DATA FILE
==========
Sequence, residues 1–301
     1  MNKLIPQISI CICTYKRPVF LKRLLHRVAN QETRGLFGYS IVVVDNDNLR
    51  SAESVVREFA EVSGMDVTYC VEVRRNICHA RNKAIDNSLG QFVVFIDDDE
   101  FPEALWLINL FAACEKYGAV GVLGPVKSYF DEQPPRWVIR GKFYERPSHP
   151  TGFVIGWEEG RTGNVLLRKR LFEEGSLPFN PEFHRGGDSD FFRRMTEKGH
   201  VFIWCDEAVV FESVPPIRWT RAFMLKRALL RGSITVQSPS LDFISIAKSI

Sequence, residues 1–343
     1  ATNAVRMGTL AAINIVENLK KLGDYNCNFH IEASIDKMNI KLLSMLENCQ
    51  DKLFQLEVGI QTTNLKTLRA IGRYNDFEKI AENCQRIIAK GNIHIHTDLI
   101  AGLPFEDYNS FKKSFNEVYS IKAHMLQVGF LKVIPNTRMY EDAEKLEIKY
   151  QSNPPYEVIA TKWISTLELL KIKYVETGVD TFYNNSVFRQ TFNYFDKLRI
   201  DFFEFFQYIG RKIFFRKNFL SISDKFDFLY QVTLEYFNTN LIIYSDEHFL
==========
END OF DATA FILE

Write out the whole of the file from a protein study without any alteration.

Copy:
Sequence, residues 1–301
     1  MNKLIPQISI CICTYKRPVF LKRLLHRVAN QETRGLFGYS IVVVDNDNLR
    51  SAESVVREFA EVSGMDVTYC VEVRRNICHA RNKAIDNSLG QFVVFIDDDE
   101  FPEALWLINL FAACEKYGAV GVLGPVKSYF DEQPPRWVIR GKFYERPSHP
   151  TGFVIGWEEG RTGNVLLRKR LFEEGSLPFN PEFHRGGDSD FFRRMTEKGH
   201  VFIWCDEAVV FESVPPIRWT RAFMLKRALL RGSITVQSPS LDFISIAKSI

Sequence, residues 1–343
     1  ATNAVRMGTL AAINIVENLK KLGDYNCNFH IEASIDKMNI KLLSMLENCQ
    51  DKLFQLEVGI QTTNLKTLRA IGRYNDFEKI AENCQRIIAK GNIHIHTDLI
   101  AGLPFEDYNS FKKSFNEVYS IKAHMLQVGF LKVIPNTRMY EDAEKLEIKY
   151  QSNPPYEVIA TKWISTLELL KIKYVETGVD TFYNNSVFRQ TFNYFDKLRI
   201  DFFEFFQYIG RKIFFRKNFL SISDKFDFLY QVTLEYFNTN LIIYSDEHFL